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California and the West

Giveaway of Coffee Shop Draws Frenzied Response


CARPINTERIA, Calif. — The idea was like something from the movies--"The Spitfire Grill" to be exact.

As in the 1996 film, in which a woman gives away her small-town Maine eatery by holding a contest, two Carpinteria coffee shop owners offered to award their business to the winner of an essay competition they staged over the Internet.

But Larry Broughton and John Alonge had little idea what a frenzied response their contest would elicit: They received letters from across the world--funny and often desperate pleas from people looking to abandon their current lives for the chance of running a bustling little cafe in a California beach town.

"This contest showed the longing that exists out there among people for another life that's not their own," Broughton said. "Like the guy who wrote to say that his life was in the toilet, that he'd just gotten divorced and then he heard about our contest. He said God told him to enter, that it was time to take control of his life."

He didn't win. Neither did the Franciscan friar who argued that a higher calling awaited those who served, adding that his winning the cafe would provide "an ecclesiastical robes-to-riches story."

Nor did the former Olympic swimmer who had put herself through school working in a restaurant. Or the countless Silicon Valley types who were ready to trade in the cyber rat race for the joys of a slumbering surfside town.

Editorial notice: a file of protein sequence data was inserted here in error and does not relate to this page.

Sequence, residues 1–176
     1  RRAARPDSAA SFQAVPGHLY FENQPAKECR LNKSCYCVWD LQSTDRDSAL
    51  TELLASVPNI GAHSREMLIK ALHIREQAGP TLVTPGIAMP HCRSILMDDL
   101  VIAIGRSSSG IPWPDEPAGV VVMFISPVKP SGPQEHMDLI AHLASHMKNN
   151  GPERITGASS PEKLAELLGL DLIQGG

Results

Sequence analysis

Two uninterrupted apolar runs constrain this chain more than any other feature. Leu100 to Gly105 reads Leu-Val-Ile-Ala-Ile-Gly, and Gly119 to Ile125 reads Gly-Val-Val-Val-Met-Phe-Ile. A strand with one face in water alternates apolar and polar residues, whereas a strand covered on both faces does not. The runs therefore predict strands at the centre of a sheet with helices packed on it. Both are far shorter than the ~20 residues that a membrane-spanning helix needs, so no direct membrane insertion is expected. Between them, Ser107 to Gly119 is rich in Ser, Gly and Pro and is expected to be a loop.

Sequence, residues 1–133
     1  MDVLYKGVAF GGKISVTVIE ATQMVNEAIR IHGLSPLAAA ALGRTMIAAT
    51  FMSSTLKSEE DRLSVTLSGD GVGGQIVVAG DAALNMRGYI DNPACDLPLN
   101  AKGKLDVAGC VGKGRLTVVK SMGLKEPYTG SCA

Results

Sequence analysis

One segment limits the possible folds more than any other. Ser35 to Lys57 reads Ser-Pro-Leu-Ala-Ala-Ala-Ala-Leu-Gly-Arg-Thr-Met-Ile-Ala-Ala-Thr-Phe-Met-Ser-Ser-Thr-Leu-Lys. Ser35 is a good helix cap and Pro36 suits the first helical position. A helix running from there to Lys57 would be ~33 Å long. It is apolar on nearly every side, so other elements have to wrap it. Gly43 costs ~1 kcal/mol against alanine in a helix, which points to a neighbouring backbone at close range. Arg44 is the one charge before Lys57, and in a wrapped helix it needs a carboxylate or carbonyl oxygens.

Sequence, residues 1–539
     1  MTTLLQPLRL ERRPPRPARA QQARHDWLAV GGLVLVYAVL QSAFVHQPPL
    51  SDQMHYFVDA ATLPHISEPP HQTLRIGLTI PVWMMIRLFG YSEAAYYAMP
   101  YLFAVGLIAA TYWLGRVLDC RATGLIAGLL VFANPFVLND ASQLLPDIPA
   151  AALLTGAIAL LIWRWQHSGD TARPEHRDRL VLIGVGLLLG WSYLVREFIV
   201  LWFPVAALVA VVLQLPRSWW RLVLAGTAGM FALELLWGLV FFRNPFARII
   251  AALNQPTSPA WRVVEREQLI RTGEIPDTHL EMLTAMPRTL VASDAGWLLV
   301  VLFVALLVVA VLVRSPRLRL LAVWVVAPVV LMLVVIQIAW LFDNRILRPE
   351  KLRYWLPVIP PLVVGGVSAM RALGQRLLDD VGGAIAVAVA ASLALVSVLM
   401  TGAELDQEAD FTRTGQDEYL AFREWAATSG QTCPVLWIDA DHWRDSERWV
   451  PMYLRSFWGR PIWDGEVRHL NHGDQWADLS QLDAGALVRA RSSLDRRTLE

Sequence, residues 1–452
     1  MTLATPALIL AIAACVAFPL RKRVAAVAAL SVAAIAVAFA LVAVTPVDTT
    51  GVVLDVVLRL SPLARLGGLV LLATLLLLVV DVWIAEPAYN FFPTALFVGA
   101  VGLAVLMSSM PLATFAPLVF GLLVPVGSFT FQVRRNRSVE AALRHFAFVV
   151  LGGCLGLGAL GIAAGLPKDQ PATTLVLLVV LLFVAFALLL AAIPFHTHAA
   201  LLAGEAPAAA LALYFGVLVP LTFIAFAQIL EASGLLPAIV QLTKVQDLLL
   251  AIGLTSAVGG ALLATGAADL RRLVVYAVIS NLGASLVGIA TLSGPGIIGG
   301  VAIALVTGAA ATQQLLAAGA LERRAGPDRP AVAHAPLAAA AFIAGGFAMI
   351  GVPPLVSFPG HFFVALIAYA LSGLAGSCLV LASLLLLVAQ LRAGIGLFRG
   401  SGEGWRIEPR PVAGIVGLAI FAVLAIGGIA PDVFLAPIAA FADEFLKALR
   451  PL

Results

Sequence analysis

"Many said they'd spent the last 12 years of their lives making things go faster--cars and computers and e-mail messages--and that now they wanted to slow things down," Broughton said.

That's exactly how he and Alonge felt a few months after purchasing the Surfside Cafe last summer, converting it from a rundown bagel joint. They also own a coffee shop in Isla Vista, along with an interest in a group of hotels and restaurants in San Francisco.

Broughton and his wife, Suzanne, want to have a family, and he said that running the Surfside Cafe day to day was simply taking too much of his wife's time. The 37-year-old said he hadn't seen "The Spitfire Grill" when he came up with the idea for the Internet contest, but was just looking for an unconventional way to pass on the restaurant, which he valued at $200,000.

"We'd heard of people giving away vacations and mobile homes over the Web, so why not a coffee shop?" Broughton said.

For a $100 entry fee, contestants were encouraged to write an essay of 400 words or less about how winning the Surfside Cafe would be their ultimate California Dream. The owners won't say just how many entries they received, but their Web site received 18,500 hits. The entries came from 25 American states and as far away as Canada, Mexico and South Africa.

"We live in a capitalistic society, I will say that," Broughton said, adding that the partners are giving 10% of the contest proceeds to the nonprofit Clean Water Action environmental group.